Momentum on minimum wage, State parks on the chopping block, COLA bill moves forward, Bill could shift costs to states, incite Medicaid expansion opposition
So why do state chambers, which are usually the largest and most powerful business organizations represented in state capitols, seem so far apart from the broader business community when it comes to the minimum wage? Crosby argued that modest minimum wage hikes don’t impact the majority of chamber members, and so they actually tend to leave the issue to trade groups for retailers, hotels and restaurants, which employ most low-wage workers. “In chambers, historically, it’s more successful businesses that are in manufacturing and other higher wage industries,” Crosby says. “They tend to see themselves as the voice of business, but there are other groups that are focused on sectors that are focused on different wage mandates."
While New York and California are raising their minimum wage to $15 per hour, The Advocate’s Stephanie Grace says Louisiana legislators should give strong consideration to the much more modest wage hike being pushed by Gov. John Bel Edwards.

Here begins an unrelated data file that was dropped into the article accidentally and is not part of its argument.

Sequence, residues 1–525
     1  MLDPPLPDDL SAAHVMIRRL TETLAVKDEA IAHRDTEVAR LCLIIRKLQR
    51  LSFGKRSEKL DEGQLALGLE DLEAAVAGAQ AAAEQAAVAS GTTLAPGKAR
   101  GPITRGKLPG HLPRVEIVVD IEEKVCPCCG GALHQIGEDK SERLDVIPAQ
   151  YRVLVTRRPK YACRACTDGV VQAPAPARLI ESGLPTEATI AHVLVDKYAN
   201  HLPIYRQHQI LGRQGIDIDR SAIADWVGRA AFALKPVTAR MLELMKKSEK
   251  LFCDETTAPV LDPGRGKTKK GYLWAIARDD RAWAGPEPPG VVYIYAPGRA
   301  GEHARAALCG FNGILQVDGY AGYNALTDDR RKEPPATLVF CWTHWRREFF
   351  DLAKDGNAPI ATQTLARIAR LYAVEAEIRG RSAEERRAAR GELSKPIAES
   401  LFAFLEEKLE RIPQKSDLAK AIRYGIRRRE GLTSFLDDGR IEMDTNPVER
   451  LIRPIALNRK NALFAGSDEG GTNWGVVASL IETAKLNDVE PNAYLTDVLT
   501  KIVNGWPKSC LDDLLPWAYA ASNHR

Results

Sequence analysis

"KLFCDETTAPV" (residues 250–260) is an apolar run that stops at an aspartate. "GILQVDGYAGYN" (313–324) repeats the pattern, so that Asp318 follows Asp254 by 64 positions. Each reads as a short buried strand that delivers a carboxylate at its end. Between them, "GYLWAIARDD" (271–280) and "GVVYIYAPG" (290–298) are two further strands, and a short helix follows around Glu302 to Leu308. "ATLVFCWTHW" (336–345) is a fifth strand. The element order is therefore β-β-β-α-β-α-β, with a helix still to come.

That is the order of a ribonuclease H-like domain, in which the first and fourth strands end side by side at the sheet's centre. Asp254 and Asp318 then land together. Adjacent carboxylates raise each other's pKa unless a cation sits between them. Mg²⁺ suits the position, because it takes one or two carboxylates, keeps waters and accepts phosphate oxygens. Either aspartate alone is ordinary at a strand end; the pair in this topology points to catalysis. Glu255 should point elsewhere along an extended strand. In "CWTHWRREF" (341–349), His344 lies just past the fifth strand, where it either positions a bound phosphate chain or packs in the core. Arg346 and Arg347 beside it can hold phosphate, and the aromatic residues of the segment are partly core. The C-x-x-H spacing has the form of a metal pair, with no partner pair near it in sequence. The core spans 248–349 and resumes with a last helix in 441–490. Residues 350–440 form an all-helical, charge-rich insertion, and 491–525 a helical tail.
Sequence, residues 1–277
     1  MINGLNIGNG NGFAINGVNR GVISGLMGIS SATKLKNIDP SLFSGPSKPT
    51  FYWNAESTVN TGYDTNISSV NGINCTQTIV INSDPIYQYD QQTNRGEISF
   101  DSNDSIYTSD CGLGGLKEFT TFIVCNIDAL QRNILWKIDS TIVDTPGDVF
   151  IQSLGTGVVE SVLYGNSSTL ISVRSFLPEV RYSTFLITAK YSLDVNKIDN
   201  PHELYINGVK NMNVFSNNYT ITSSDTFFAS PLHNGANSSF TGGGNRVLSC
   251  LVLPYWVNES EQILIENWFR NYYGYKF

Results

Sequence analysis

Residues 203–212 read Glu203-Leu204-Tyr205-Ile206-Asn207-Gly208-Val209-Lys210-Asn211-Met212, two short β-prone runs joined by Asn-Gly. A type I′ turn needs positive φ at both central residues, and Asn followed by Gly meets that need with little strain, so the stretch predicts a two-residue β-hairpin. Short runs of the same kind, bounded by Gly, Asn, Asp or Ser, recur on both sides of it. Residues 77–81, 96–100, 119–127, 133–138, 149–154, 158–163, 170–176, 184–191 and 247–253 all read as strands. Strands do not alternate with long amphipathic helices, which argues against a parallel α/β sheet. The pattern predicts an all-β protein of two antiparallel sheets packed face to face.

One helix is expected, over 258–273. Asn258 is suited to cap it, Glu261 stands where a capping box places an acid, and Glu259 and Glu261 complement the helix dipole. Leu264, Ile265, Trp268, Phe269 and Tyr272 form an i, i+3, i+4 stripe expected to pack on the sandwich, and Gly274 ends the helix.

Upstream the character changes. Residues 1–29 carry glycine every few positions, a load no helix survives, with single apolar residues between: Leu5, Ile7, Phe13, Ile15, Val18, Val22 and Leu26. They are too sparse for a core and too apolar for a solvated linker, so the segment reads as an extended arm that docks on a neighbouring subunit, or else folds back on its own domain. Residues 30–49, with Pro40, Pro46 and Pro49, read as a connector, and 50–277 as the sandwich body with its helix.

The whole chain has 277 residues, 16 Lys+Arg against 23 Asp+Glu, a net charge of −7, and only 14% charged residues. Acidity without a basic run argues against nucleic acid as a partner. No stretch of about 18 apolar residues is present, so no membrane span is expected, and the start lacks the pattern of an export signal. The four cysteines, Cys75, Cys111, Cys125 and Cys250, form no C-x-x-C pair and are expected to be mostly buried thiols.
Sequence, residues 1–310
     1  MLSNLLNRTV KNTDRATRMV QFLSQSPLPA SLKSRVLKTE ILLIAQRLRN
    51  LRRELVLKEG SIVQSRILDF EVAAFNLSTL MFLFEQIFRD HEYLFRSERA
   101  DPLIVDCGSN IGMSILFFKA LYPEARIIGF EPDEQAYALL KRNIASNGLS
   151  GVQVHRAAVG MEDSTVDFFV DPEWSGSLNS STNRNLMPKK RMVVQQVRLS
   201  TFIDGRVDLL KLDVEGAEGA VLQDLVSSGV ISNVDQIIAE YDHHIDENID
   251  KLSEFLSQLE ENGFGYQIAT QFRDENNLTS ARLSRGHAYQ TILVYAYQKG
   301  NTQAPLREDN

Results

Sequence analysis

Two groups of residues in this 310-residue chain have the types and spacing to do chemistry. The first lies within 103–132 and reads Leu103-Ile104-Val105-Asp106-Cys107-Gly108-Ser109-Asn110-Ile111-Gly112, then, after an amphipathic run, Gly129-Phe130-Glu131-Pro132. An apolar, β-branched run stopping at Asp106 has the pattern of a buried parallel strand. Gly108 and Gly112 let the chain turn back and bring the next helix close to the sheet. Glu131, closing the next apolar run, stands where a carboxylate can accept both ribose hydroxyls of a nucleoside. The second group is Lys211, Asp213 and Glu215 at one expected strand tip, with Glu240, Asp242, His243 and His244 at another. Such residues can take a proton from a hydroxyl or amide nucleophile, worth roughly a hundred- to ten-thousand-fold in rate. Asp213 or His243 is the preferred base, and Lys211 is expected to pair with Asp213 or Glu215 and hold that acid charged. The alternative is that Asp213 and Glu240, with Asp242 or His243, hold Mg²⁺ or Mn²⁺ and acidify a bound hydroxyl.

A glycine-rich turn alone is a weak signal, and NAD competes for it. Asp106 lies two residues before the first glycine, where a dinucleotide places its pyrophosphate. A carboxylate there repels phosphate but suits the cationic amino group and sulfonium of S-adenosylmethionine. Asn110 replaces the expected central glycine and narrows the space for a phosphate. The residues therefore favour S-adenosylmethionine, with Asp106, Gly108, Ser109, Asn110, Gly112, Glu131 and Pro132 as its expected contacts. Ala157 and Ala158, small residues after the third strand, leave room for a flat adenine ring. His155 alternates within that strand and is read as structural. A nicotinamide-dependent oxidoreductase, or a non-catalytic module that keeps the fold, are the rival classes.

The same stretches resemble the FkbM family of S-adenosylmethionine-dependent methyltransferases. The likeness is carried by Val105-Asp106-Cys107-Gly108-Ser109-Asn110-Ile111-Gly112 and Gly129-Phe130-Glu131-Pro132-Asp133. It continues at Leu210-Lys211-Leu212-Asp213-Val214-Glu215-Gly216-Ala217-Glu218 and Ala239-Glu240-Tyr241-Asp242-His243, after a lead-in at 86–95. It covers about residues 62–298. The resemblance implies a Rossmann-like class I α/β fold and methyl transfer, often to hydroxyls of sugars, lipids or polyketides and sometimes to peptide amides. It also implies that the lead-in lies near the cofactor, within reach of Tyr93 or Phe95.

The governor’s not embracing mass giveaways, and in fact, he recently surprised even some of his supporters by saying he’d consider workforce training requirements for able-bodied food stamp recipients. But he is looking at the plight of his poorer constituents with compassion rather than condemnation, and that makes a big difference. Whether it will make enough of a difference is an open question. In the Legislature, employers who bristle at paying an extra $50 a week for each 40-hour employee have lobbyists to push their case. Those who work full-time for $15,000 a year, far below the poverty line for a family of four, certainly don’t. And guess which side is more likely to write a check come campaign time?
State parks on the chopping block